As expected, the trot work went well.  She was obedient and on my seat. She could have used more bend in the half passes, and I got a bit greedy in the medium trot causing an irregular step or two, but she came right back to me, so overall it was fine.  She came nicely to the walk, and gave me a hesitant-but-recognizable rein back, and I felt a bit of tension building...

I hoped the extended walk would diffuse it, maybe it would have, if it wasn’t immediately followed by the walk pirouettes.  I have used the walk pirouettes to help Venus collect her canter, so as we did each pirouette, I could feel the spring beginning to load.

Before the explosion ....
I tactfully walked the loaded spring to C, then cued the walk-canter. Or walk-hop-up-and-bounce, as it was. I kept my seat rolling into the corner, then she readily went forward into the medium canter. 

The corner comes up really fast when the horse is enjoying the medium.

We careened around the corner, to the tune of my not-so-effective half-halts. Somehow we made the second corner without leaving the ring, and careened around a suppose-to-be 10m circle, and somewhere on the circle she decided to come back to the seat aid, but I wasn't quick enough to notice.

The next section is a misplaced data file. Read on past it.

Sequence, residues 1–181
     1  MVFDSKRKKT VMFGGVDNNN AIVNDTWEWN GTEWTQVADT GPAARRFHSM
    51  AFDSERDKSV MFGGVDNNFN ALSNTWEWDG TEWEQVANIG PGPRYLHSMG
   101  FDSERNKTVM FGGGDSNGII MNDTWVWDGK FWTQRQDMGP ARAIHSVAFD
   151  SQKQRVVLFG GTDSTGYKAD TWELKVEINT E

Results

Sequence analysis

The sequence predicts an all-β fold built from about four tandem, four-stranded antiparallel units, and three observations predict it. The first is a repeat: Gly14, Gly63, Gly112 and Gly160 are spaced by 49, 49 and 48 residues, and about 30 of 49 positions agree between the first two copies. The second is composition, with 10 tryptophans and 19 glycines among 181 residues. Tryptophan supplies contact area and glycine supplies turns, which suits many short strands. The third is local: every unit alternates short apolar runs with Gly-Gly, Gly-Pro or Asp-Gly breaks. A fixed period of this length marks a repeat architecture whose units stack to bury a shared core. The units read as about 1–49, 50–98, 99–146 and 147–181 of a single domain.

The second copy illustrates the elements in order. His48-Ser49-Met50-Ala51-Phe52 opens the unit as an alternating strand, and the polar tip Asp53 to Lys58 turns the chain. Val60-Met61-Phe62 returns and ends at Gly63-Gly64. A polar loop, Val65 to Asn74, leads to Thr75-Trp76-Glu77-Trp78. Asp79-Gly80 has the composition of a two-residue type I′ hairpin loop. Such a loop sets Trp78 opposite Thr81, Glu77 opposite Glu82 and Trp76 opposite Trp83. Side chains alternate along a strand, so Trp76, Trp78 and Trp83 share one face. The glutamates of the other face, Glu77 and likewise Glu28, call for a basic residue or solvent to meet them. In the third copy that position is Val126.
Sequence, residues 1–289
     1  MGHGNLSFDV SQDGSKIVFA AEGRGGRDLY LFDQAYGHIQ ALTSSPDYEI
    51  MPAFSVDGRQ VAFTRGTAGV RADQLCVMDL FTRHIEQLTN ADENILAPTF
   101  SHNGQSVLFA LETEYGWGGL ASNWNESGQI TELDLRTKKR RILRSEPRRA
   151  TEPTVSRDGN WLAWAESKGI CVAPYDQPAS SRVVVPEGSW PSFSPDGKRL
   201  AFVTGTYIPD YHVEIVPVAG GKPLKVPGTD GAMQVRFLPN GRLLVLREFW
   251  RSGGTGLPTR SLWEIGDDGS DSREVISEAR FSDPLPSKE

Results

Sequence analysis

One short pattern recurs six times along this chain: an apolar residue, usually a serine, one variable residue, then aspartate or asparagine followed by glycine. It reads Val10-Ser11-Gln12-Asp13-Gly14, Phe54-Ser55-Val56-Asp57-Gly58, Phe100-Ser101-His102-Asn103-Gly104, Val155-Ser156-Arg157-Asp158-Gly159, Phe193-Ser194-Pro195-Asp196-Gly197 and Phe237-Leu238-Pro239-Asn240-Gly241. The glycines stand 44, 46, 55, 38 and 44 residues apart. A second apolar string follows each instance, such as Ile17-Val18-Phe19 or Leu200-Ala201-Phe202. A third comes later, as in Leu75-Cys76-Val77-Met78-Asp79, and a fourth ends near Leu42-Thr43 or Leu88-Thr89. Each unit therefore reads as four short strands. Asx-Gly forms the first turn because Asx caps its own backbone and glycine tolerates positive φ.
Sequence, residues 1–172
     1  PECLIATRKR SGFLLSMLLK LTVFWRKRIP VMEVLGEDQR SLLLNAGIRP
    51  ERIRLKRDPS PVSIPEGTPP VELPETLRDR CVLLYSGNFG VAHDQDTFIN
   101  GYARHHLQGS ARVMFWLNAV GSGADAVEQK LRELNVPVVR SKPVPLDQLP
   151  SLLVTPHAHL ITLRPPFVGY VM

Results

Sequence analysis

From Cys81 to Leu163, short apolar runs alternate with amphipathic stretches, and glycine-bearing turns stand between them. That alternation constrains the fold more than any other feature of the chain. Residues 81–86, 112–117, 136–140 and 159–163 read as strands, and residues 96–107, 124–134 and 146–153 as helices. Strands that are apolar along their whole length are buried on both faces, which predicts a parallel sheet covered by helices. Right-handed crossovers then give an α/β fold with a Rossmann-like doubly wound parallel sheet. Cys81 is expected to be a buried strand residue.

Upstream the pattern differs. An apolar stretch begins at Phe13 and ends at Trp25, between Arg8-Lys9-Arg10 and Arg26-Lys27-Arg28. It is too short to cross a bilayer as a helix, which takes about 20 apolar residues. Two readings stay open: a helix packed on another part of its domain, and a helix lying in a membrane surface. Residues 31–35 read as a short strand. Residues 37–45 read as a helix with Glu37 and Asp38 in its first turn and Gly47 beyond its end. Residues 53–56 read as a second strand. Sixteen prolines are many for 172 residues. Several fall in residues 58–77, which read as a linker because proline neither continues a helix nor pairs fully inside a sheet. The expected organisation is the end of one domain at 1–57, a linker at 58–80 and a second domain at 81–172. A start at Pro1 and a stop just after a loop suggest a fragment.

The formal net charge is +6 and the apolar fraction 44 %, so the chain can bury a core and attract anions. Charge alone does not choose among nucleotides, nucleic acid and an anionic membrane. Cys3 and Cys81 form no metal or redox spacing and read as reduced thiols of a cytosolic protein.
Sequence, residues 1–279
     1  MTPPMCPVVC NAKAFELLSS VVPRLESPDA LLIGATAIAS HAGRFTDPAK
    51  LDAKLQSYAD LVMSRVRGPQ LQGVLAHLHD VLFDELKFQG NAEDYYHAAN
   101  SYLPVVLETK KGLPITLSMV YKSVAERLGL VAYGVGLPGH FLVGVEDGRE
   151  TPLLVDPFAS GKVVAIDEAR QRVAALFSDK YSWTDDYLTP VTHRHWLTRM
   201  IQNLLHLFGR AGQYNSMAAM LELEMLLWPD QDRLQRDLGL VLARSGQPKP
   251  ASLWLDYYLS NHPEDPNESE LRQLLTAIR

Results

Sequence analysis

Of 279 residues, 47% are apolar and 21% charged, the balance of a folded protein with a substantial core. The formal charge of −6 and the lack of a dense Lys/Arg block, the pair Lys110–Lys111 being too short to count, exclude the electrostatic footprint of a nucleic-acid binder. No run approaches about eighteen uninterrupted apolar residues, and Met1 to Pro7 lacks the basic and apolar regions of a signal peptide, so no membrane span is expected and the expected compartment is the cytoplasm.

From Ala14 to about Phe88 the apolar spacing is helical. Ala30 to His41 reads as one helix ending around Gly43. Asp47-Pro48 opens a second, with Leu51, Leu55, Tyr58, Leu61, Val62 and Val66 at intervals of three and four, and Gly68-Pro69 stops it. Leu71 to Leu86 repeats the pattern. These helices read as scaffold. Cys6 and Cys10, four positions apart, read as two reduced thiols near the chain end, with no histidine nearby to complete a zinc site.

Because when we headed across the diagonal for the flying change, and I gave a no-holds-barred-this-is-my-seat half halt, and she came back to me and broke to a quite polite trot. So much for that flying change score.

But that did bring her back to me, and the rest of the test looked like a normal Third Level test.  The right lead canter was expensive in the scores, but her coming back to me after taking over was priceless.

Sunday morning, after I fed breakfast, I plopped in my chair to play games on my phone while she digested.  A few minutes later, I felt something on my head. The next thing I knew, my hat was in my lap. Then I felt Venus grooming the top of my head with her nose.  My fun, relaxed show girl had arrived.

We warmed up for Sunday’s class, and after Saturday’s class, I focused on keeping her uphill instead of riding for power.  She gave me a very respectable ride, and I agreed with the judge’s final comment of “correct balance, ride for more expression.” The score was equally respectable, and Venus was relaxed and happy all day in her stall.

I think I just may have a horse to compete this year after all. Maybe.